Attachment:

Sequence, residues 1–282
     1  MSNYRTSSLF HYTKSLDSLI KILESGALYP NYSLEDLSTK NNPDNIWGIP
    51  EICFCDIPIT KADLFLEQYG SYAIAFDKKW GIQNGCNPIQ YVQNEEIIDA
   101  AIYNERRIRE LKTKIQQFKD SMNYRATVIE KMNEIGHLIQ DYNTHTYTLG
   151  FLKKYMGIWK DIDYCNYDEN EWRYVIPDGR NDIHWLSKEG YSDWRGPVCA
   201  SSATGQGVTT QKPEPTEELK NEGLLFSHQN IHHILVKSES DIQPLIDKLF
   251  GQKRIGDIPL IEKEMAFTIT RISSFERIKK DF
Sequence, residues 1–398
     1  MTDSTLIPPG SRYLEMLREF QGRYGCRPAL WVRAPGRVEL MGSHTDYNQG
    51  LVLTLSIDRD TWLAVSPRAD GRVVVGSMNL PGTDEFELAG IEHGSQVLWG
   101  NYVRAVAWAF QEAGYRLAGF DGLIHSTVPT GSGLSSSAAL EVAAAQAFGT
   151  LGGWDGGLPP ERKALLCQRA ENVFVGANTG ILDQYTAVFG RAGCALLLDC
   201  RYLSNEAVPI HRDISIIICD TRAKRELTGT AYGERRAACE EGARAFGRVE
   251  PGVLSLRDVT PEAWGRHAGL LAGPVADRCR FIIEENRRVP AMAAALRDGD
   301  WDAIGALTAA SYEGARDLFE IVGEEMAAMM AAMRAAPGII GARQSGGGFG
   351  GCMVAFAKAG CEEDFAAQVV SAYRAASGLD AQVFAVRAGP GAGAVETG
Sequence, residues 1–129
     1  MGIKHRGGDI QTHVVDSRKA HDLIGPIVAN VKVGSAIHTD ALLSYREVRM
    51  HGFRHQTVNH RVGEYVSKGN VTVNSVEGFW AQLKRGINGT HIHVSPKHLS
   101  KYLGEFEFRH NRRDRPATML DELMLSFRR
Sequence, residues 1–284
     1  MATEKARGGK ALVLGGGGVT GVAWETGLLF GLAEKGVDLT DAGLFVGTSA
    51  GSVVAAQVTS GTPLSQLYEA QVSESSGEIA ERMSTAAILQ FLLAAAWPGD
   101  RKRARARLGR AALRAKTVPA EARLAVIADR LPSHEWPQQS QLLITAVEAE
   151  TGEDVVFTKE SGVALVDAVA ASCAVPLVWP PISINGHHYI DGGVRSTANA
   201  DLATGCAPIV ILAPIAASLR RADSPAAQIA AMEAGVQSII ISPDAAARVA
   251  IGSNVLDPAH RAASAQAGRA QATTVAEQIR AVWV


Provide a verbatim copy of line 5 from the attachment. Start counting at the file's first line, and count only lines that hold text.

   151  FLKKYMGIWK DIDYCNYDEN EWRYVIPDGR NDIHWLSKEG YSDWRGPVCA